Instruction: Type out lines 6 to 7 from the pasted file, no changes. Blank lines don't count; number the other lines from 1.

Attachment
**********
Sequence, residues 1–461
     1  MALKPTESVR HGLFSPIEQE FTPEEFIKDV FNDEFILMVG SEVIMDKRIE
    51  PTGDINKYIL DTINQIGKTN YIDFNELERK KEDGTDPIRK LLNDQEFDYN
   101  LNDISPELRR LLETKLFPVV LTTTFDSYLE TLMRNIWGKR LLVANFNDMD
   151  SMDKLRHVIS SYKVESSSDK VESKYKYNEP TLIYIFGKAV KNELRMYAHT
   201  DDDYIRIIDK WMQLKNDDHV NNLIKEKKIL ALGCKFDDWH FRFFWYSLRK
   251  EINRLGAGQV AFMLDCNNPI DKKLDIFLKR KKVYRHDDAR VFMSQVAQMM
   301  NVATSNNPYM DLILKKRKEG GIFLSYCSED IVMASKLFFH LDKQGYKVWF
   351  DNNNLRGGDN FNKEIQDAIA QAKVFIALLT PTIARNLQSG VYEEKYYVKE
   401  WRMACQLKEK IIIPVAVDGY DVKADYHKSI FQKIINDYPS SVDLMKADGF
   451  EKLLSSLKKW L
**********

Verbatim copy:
   201  DDDYIRIIDK WMQLKNDDHV NNLIKEKKIL ALGCKFDDWH FRFFWYSLRK
   251  EINRLGAGQV AFMLDCNNPI DKKLDIFLKR KKVYRHDDAR VFMSQVAQMM